Snyder and Klein: Just two peas in a pod

By Joshua Kinder

If you hear Collin Klein say it, there’s a good chance Bill Snyder has said it — and vice versa.

The bond shared between quarterback and coach is clearly strong, which is normally the case. But there seems to be something different with Snyder and Klein — like they were meant for each other, in a special football kind of way.

Somewhere in Vanier, I can imagine the two finishing each other’s sentences, maybe reaching for the same Styrofoam cup of coffee on accident, or perhaps even showing up to work wearing the same shirt.

None of that would surprise me in the least bit. These guys are just two peas in a pod.

When Snyder finishes with his weekly 30-minute session with the media, Klein enters the room and then proceeds to spit out the very same thing we just heard from his ball coach.

Stuff like, “improvement, one step at a time, a game at a time, we need to get better and consistency” is echoed throughout Vanier on these days.

“Coach Snyder and Collin spend a lot of time together, watching film together, so I can image how their responses are very similar, but when it comes to football, (Collin) is very consistent,” K-State punter Ryan Doerr said Tuesday.

It’s that consistency the two have that has the Wildcats on the same page right now. What Snyder says in daily meetings with his team isn’t just regurgitated to the media. It’s the message the team hears in the huddle from Klein as well.

The two believe every word of it — to their bones — and therefore everyone else follows suit and buys in too.

Why wouldn’t they?

After all, Kansas State is 4-0, coming off an upset road win at Oklahoma and ranked No. 7 in the country.

It’s working. This bond is one of biggest reasons the Wildcats are thinking big this season. It’s because of this bond that K-State is in the driver’s seat in the Big 12 so far.

Klein acknowledges the similarities in their speak patterns. He knows they do it and he’s totally OK with it.

Though Klein speaks Snyder’s language, he isn’t the only one buying into the value system.

It’s the common goal of daily improvement, Klein says allows him and his youngster teammates to relate to the soon-to-be 73-year-old football coach.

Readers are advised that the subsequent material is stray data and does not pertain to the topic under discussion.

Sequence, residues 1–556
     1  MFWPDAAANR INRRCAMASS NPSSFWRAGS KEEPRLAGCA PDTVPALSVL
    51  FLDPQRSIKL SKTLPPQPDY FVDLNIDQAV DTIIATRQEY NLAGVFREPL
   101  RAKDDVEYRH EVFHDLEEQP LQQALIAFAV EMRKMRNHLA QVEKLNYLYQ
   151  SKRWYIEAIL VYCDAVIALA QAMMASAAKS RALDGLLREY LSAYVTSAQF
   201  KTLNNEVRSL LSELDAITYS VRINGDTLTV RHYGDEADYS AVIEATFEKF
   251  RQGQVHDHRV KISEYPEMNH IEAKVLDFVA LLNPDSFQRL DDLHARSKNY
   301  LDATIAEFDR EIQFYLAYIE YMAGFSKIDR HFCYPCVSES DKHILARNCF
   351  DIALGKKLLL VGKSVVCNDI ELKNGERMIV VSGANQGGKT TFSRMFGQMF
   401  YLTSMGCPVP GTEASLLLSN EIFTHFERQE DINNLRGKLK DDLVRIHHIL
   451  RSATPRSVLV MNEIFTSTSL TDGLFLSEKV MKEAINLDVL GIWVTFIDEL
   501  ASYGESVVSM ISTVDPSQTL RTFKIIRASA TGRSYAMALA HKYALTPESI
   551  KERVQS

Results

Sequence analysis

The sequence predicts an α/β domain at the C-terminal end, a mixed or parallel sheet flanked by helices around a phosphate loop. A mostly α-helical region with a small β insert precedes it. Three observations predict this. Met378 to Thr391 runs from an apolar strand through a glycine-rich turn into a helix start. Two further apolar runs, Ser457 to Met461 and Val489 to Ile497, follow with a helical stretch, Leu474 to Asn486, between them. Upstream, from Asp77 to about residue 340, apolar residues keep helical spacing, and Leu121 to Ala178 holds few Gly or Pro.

“It’s the common ground of the commitment we’ve all made to be part of this team in whatever capacity — player or coach,” Klein said. “The biggest unifying factor is we all want the same thing, and Coach wants us to be the best we can possibly be individually and the best we can possibly be collectively as a team. We all want that, too.

“Consistency… he lives it, he doesn’t just preach it.”

There’s no doubt Snyder has rubbed off on Klein, maybe even more so with his senior quarterback than with any other player before.

“I don’t hear Collin talk often, but I can image Collin being repetitious in the way Coach Snyder is and definitely emphasizing a lot of the things Coach emphasizes,” KSU linebacker Arthur Brown said. “He’s a great leader and I know he’s learned a lot from Coach.”

But there’s more to Klein than just being impressionable. That’s too easy.

Klein had these beliefs, these values and this work ethic before he arrived in Manhattan. He’s the leader he is — on and off the field — because that’s who he is.

The impact of the consistency Klein shows in his words and leadership of this team can’t be understated, especially considering where this program was just four and five years ago.

Though K-State has other leaders too — on both sides of the ball — there just seems to be something different with Snyder’s prized quarterback. It’s something that perhaps isn’t found all that often in today’s young people.

“I think society has changed a great deal and our children are a product of society, so consequently they have changed,” Snyder said. “A Collin Klein might be considered a throwback. His value system has not changed, and that’s the value system that was in place 20 years ago.”

That shared value system might be exactly what puts the Wildcats over the top this season and gives fans something to talk about for the next 20 years.

You can e-mail Joshua at and follow him on Twitter, @Joshua_Kinder.

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